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“Least Astonishment” in Python: The Mutable Default Argument

Consider the following function:

def foo(L = []):
  L.append(1)
  print L

Each time I call foo it will print a new list with more elements than previous time, e.g:

>>> foo()
[1]
>>> foo()
[1, 1]
>>> foo()
[1, 1, 1]

Now consider the following function:

def goo(a = 0):
  a += 1
  print a

When invoking it several times, we get the following picture:

>>> goo()
1
>>> goo()
1
>>> goo()
1

i.e. it does not print a larger value with every call.

What is the reason behind such seemingly inconsistent behavior?
Also, how is it possible to justify the counter-intuitive behavior in the first example, why does the function retain state between calls?

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marked as duplicate by Jacob, Daniel Roseman, delnan, eumiro, Graviton Aug 4 '11 at 9:42

This question has been asked before and already has an answer. If those answers do not fully address your question, please ask a new question.

    
As well as many other answers on the same question. –  Daniel Roseman Aug 4 '11 at 9:03
    
Why are we all of a sudden getting this question a zillion times? –  Karl Knechtel Aug 4 '11 at 9:52

1 Answer 1

up vote 1 down vote accepted

The default arguments are evaluated once when the function is defined. So you get the same list object each time the function is called.

You'll also get the same 0 object each time the second function is called, but since int is immutable, when you add 1 as fresh object needs to be bound to a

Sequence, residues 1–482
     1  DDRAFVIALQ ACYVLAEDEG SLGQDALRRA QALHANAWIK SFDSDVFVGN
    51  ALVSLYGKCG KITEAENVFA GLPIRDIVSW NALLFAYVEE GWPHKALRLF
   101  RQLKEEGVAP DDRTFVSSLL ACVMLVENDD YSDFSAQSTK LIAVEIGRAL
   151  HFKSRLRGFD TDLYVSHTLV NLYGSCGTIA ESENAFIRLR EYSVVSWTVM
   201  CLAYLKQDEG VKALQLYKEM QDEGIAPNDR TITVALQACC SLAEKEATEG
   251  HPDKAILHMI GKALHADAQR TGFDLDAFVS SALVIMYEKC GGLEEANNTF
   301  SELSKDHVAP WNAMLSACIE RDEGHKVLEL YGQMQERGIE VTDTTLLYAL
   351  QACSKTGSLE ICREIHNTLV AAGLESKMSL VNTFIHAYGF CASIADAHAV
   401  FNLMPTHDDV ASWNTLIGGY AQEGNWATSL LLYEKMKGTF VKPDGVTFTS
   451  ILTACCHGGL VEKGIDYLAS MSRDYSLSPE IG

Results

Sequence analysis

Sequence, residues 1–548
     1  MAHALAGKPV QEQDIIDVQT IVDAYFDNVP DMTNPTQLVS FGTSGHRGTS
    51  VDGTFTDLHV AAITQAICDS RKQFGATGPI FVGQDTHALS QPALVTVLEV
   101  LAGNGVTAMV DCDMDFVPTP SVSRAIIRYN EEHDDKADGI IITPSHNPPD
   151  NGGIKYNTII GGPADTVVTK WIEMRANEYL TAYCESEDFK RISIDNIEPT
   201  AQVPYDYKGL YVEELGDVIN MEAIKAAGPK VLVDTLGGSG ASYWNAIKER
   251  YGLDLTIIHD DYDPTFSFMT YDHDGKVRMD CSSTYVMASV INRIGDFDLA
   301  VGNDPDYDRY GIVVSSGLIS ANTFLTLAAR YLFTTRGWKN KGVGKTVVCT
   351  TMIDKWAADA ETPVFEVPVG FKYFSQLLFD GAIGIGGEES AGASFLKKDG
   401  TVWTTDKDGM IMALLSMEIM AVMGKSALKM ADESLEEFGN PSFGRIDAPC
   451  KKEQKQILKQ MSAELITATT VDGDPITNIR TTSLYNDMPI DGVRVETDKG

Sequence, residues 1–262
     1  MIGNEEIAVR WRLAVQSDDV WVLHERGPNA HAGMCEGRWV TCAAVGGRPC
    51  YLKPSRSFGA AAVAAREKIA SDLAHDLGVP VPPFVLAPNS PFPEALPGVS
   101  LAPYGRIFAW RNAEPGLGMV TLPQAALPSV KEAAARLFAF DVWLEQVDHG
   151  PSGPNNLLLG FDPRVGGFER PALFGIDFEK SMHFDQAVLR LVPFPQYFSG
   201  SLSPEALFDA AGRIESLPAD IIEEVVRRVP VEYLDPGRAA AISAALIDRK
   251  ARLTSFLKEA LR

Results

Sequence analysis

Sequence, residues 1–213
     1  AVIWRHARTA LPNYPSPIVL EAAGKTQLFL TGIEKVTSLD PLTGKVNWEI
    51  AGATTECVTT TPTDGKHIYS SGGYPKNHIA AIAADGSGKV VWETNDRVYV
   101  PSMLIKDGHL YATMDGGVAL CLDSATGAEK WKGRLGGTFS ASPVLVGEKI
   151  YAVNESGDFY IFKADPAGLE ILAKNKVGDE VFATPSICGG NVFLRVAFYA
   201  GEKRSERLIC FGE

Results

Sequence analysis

>>> def foo(L = []):
...   print id(L)
...   L.append(1)
...   print id(L)
...   print L
... 
>>> foo()
3077669452
3077669452
[1]
>>> foo()
3077669452
3077669452
[1, 1]
>>> foo()
3077669452
3077669452
[1, 1, 1]

vs

>>> def foo(a=0):
...   print id(a)
...   a+=1
...   print id(a)
...   print a
... 
>>> foo()
165989788
165989776
1
>>> foo()
165989788
165989776
1
>>> foo()
165989788
165989776
1
share|improve this answer
    
That does not quite answer my question - I don't see why the second example (with an integer parameter) works as it does. –  user500944 Aug 4 '11 at 9:02
    
> You'll also get the same 0 object each time the second function is called -- then why can't I get the same [] object each time the first function is called? –  user500944 Aug 4 '11 at 9:04
1  
@Grigory: Integers are immutable, some_int += ... creates a new integer instead of modifying some_int. a starts off with the same 0 each time the function is called without argument given, you just go on to change a to point to 0 + 1. –  delnan Aug 4 '11 at 9:04
    
In fact, you're getting the same object each time the first function is called. That's why it "remembers" its previous content. –  Michał Bentkowski Aug 4 '11 at 9:06
    
@delnan thanks, that explains everything. –  user500944 Aug 4 '11 at 9:06